Tuesday, May 30, 2017

Out With The Old, In With The New: My Take On the Firing of Mark Fields

Alexander Carabitses

Unless you live in a cave, you are probably already aware of the fact that Mark Fields, the CEO of the Ford Motor Company, lost his job last week and was replaced by Jim Hackett, the former athletic director of the University of Michigan, the former CEO of Steelcase (an office furniture company), and the former director of Ford's Smart Mobility subsidiary.
(Image credited to Ford)

The automotive analyst community has pointed to a number of things as being the cause for Fields' firing, such as his poor relationship with the company's chairman, Bill Ford Jr., while former auto industry executive, Bob Lutz, has said that he didn't have the spunk needed by the modern CEO.  In other words, he wasn't the Elon Musk type, the kind of guy who would make bold statements about future plans, that in turn place the company on the map and win favor with the investment community.  Finally, they say that poor earnings for three consecutive years, combined with a lack of all new products (not mid-cycle refreshes) lead to his firing.

However, the best fact-based theory I've heard is that despite communicating his desires to make Ford both an automotive company and a mobility company on nearly every occasion (even through the use of a Super Bowl commercial earlier this year), Fields never presented investors with a solid business case regarding his plans.  If you read my What is the Future of the Auto Show post, you may remember me saying that the investment community treats car companies poorly, as they expect to see returns on their investments right away, and for that reason these car companies are trying to convince investors that they are also sort of like tech companies.  Tesla is an example of a car company that has managed to convince the world that it is more of a tech company than a car company, and by doing so, its stock value has become inflated beyond belief, meaning that Elon Musk can obtain cost-free capital for many years to come without ever making a profit.

Mark Fields and Ford could not get away with this.  Remember that Ford is investing a lot of money in future mobility technology, which is reaping away at Ford's potential profits.  Perhaps if a business plan was put in place and presented to investors, they would be convinced to have patience with the company, while also selling them on the idea that Ford is both an automotive company and a tech company.  My only hope is that appointing the former head of Ford's Smart Mobility subsidiary as CEO will allow for such a business plan to be put together and presented to investors.  Maybe the mentality is that that the guy who was in charge of the operation, to begin with, has a better chance of making the plan seem viable to investors.  If this doesn't happen, the promotion will be completely foolish, especially when once considers that Hackett has no previous experience in the automotive industry (although his subordinates will surely educate him). Speaking of foolishness, also keep this other point in mind as well: How will investors react to the fact the man who was in charge of the operation that squandered Ford's profits, to begin with, is now in charge of the entire company?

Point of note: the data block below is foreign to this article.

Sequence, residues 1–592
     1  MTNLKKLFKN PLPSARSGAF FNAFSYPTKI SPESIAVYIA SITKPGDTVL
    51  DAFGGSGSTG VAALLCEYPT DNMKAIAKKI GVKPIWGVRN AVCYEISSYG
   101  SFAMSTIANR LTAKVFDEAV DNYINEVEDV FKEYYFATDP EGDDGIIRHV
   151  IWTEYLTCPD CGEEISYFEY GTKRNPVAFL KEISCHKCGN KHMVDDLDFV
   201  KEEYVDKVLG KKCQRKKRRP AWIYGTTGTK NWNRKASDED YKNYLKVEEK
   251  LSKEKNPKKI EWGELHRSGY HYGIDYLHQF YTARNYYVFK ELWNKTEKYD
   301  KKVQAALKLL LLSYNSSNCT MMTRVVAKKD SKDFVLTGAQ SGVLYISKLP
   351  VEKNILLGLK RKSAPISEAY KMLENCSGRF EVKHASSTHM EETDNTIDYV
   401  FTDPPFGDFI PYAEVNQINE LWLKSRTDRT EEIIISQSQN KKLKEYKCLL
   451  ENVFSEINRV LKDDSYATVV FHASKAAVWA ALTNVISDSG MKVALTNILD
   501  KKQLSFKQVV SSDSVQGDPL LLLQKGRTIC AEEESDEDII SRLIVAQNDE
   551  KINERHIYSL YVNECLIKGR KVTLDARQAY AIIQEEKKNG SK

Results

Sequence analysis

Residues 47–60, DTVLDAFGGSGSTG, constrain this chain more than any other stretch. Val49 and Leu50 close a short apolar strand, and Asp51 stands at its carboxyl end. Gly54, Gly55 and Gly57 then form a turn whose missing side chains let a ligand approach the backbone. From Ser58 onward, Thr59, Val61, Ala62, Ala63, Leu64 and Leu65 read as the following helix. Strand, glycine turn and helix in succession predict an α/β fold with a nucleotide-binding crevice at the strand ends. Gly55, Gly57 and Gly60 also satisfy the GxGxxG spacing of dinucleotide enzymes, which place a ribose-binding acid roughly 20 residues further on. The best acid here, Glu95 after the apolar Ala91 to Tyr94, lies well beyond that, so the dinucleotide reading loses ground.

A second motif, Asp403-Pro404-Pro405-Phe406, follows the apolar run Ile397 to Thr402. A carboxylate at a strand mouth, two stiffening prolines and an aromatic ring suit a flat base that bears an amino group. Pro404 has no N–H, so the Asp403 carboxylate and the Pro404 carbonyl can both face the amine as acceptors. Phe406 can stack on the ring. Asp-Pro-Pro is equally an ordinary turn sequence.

(Image credited to Ford)

Another thing that analysts feel didn't help Fields was the fact that his company fell behind in the development of future technology, despite its head start.  Remember, GM has the Chevy Bolt, Maven (the company's in-house car-sharing service), Super Cruise (a partial automation system on Cadillacs), and Cruise Automation (a GM subsidiary that is testing autonomous Bolt EVs on the streets of California).  Ford has autonomous Ford Fusions testing on the company's campus, no partial autonomous system, and someone needs to let me know if they have a car sharing service because if there is, I'm not aware of it.  All Ford has is Chariot (Ford's foray into mass transit using Transit vans) and a bike sharing service.  How is it that the company, despite its jump start, fell so far behind? In many ways, I think this makes the business case an even harder sell for investors, especially when they look at what GM has managed to do in such little time.  And how has GM allocated the capital for such massive investments, while also posting increased earnings?  Simply put, they got out of all the markets that they were losing money in.  Russia, Indonesia, South Africa, and India are history, although GM still manufactures in India.
(Image credited to Ford)

 Ford would be foolish not to do the exact same thing, as that is the only way to free up capital for investment in these future technologies.  When investors see a company's earnings going into something that they view as untried and untrue, it raises red flags, but if it is possible to bolster earnings while also investing in the future, I doubt anyone will give Ford a lot of flack, especially with the Ford family still at the helm.

At any rate, I wish Hackett the best in his new position and I wish Fields the best in his early retirement.  Hopefully, Hacket makes the right decisions that steer Ford towards profitability, without losing sight of the future.  Thank you for reading and have a good week.

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